RNIB sold former London office for over £22m, accounts show

01 Feb 2024 News

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Sight loss charity RNIB sold its former London headquarters for £22.1m last year, according to its recently published accounts. 

The charity began the process of selling its old office on Judd Street in central London in 2021 after receiving an offer from AshbyCapital.

RNIB downsized by moving to the Grimaldi Building on Pentonville Road at Kings Cross last spring. Part of the proceeds from the sale were used for the replacement of the head office.

Matt Stringer, CEO of RNIB said: “Our move to the Grimaldi Building represents our future-facing approach to providing the best support to people with sight loss.

“We completely redesigned, repurposed and refit the building to ensure it could be accessed and enjoyed by everyone.”

The transformation of the building was completed by income generated from the sale of Judd Street, Stringer said.

He continued: “We will use the remaining money from the Judd Street sale to fund our new strategy which will be deployed over a number of years and tailored to ensure maximum impact and benefit to blind and partially sighted people.” 

Boost in total income

The charity’s net assets have increased from £114m to £136m for the financial year ending March 2023 due to the office sale. 

Free reserves held by the charity increased by over £12m for the year from £30.6m to £43.4m.  

RNIB’s office sale contributed to a significant boost in the charity’s total income from £85.7m in 2022 to £106.6m for the financial year ending March 2023.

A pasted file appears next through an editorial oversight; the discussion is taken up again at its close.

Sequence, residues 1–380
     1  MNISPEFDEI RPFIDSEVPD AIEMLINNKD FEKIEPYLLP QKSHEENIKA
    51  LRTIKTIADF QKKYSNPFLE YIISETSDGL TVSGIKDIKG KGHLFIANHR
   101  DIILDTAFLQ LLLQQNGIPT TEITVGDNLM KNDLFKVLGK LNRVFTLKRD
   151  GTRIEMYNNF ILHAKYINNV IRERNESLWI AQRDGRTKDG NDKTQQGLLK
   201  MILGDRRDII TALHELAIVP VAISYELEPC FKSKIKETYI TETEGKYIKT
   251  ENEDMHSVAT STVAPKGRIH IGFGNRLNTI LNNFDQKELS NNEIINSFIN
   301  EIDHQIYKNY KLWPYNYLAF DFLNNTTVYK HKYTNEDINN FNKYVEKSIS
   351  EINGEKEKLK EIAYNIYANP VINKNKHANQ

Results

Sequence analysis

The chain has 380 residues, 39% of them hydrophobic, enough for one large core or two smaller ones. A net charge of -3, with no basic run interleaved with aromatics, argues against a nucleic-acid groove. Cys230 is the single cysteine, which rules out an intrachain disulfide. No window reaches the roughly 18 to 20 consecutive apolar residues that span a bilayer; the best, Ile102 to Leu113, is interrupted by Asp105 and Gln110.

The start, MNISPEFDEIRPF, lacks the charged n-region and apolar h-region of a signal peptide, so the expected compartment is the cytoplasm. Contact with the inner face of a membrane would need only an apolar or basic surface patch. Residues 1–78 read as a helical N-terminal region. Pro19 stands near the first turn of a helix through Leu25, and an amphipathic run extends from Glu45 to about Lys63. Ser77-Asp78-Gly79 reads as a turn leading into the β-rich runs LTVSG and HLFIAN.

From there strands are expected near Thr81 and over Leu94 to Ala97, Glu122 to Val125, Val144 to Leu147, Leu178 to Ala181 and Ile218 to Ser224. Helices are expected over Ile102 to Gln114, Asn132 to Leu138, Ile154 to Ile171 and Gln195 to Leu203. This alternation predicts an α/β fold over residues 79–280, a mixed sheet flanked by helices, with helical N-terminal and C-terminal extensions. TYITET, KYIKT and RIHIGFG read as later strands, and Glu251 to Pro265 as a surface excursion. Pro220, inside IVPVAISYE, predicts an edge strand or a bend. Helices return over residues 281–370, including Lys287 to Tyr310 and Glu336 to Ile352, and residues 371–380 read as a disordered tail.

“Completing the sale of the Judd Street office puts the organisation in a good position to designate more than £30m of reserves for strategic investments to deliver greater and faster impact for blind and partially sighted people,” the charity’s latest accounts read.

The charity also reported that 52,000 people became new regular donors to the charity last year and it received £20.2m in donations overall, an increase of £1m on the previous year.

Regular gifts accounted for £18.8m of this, which included £6.4m of income from the charity’s lottery and raffle. 

Legacies also rose from £35.5m to £37.1m in 2023. The charity writes that nationwide delays in processing probate and “slowing down of the housing market” will continue to make an impact on its legacy income in coming years. 

RNIB’s total trading income fell by £900,000 to £19.7m for the year due to a fall in lottery income.  

93% increase in safeguarding concerns

RNIB received 131 concerns which met the threshold for referral to statutory services, a 93% increase in concerns since last year. 

158 referrals were sent to statutory services in response to these concerns. 

Meanwhile, the number of fundraising complaints RNIB received increased by 80% in a year to 242. The charity put the rise down to an increase in its fundraising activity. 

£290,000 spent on redundancies

RNIB’s operating expenditure for the year was £87m, up by almost £10m on the year prior. 

This is due to the charity investing £3.3m more into growing its fundraising activity last year and a further £2.5m into new campaigns. Some £4.7m was spent on additional investment in its services. 

RNIB reported spending £290,000 on redundancy and termination costs to 20 members of staff for the year. Some £80,000 was paid in compensation to six employees. 

It comes after 37 members of staff were made redundant the previous year, costing the charity £240,000. 

The accounts read: “These costs have been incurred as part of a programme of work to implement our strategy and ensure we have the right people with the right skills to meet the needs of our customers effectively.” 

Average monthly members of employees fell by 114 to 1,110 for the year. 

Salary costs increased despite the redundancies made, from £36.5m in 2022 to £38.1m last year. 

The highest-earning employee made between £180,000 and £190,000 during the financial year. 

While trustees are not remunerated for their role, travel costs are expensed by RNIB. Some £4,057 was spent on travel, lunches and overnight stays for meetings during the year, an increase of over £2,500 on the previous year. 

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